GUNTERSVILLE, Ala. (WHNT) -- Tennessee Valley Authority scientists are sending shock waves through Lake Guntersville this week.
TVA fisheries biologist John Justice led a crew of researchers with a pair of electric stun boats to catch bass and other sport fish so the scientists could measure the sizes.
"We can manipulate the current to get the right amount of voltage and amperage that we need to collect the fish. We're very careful not to use more than we need," Justice said.
"We want it to be as harmless and benign to the fish as it can be. It's definitely the best way to sample fish when they're up in the shallow areas of the reservoir in the spring."
The electric current causes the muscles to tense up and inflates the fish's swim bladder, so it floats to the surface. Some fish regain control in just a few seconds, while others need a couple of minutes. By then they're already in a trough on board the boat.
Researchers catch as many fish as possible in 30 minutes. The goal is one per minute.
They document the length and weight of each fish, which goes into data tables used internally for permitting and compliance, technical reports, web summaries.
The information is also available to state and federal agencies, universities, as well as to the general public on the TVA website. You can read summaries here.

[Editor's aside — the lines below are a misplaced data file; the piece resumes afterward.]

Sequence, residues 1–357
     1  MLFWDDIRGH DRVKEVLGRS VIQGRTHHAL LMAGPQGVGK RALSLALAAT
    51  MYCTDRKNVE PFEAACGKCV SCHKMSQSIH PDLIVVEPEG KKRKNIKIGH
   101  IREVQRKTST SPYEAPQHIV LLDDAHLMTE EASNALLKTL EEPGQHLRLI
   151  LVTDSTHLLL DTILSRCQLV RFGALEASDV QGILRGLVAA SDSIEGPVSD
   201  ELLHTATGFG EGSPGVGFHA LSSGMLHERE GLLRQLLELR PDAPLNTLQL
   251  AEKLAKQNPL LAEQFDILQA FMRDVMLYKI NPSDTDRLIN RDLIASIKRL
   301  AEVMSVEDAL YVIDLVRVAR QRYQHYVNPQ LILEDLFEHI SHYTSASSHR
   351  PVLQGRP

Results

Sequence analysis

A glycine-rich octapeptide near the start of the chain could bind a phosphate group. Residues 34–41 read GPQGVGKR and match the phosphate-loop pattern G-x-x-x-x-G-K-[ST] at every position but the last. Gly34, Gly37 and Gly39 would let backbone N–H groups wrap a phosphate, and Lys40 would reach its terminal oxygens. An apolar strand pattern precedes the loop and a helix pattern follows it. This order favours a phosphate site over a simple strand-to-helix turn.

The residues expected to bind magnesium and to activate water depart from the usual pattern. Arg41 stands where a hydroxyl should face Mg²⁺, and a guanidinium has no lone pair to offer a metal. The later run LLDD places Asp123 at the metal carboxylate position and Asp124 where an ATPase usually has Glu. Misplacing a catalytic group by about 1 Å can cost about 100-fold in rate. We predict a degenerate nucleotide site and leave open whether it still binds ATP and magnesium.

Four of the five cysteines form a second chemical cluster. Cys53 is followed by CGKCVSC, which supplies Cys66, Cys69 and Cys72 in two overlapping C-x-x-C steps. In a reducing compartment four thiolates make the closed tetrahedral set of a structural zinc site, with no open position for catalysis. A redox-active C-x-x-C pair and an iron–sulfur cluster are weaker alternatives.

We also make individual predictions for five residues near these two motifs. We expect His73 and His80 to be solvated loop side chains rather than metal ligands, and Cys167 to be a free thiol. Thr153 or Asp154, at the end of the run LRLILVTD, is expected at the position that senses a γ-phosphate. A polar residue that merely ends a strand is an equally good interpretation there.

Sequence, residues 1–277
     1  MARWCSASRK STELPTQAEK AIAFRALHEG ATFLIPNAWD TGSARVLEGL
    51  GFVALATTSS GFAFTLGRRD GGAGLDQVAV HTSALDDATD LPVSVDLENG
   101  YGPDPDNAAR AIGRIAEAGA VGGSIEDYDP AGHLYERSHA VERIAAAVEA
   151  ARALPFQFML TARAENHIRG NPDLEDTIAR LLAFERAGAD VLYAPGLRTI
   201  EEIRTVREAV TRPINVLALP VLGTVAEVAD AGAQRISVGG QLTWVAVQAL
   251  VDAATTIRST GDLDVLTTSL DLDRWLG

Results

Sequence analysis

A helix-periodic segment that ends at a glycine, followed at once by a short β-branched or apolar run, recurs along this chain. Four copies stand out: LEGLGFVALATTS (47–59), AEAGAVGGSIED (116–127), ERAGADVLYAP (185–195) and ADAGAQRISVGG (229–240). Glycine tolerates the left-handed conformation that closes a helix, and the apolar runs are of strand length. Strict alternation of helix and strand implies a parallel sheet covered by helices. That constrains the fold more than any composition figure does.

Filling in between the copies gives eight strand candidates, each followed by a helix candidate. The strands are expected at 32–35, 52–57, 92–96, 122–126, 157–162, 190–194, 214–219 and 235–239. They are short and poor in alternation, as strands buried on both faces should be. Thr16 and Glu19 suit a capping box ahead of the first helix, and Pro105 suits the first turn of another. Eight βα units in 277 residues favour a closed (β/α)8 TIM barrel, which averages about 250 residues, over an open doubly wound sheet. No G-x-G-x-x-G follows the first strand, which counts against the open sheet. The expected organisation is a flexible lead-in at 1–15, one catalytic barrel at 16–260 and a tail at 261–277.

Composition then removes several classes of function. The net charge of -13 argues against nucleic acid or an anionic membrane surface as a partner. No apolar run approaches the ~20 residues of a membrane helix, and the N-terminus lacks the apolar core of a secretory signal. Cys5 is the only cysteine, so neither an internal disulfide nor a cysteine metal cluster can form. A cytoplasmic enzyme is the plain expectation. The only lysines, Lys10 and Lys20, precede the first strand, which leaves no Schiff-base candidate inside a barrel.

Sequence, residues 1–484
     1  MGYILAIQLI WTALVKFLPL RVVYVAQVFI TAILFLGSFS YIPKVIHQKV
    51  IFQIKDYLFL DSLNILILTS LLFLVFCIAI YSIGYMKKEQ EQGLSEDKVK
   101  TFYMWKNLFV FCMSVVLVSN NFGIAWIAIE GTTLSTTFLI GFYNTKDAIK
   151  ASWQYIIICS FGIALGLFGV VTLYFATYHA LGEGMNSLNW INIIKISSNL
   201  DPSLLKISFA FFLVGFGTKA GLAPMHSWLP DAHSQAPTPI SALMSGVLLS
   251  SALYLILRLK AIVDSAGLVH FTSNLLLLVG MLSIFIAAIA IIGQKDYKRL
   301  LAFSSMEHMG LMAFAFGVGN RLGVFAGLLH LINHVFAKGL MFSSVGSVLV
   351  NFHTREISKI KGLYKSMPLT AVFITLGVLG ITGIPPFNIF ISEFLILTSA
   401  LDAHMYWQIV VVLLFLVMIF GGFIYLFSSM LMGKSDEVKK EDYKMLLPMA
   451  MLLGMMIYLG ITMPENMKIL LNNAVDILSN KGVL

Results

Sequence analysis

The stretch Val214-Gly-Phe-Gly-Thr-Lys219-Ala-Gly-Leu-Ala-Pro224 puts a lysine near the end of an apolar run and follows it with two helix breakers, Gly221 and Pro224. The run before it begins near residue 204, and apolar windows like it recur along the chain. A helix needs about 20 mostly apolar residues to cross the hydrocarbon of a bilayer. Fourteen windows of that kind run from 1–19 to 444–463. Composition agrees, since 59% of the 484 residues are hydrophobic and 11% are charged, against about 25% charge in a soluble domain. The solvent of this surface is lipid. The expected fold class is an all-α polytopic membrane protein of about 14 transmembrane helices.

"We collect this data to monitor the reservoir. We benchmark it against its long term average and check the general overall health of the fish population," Justice said.
TVA uses the data to see if any changes to river operations have effects on the fish, such as when they started holding water back a little longer in the Spring about a decade ago.
"We make sure that our operations continue to support a fishery like this," Justice said.
"It's important to the economy. It's important to the people that live in the community here."
Many of the surveys are open to the public, and you can ride along on the boats. However, space is limited so contact TVA at (800) 882-5263 to reserve a time slot.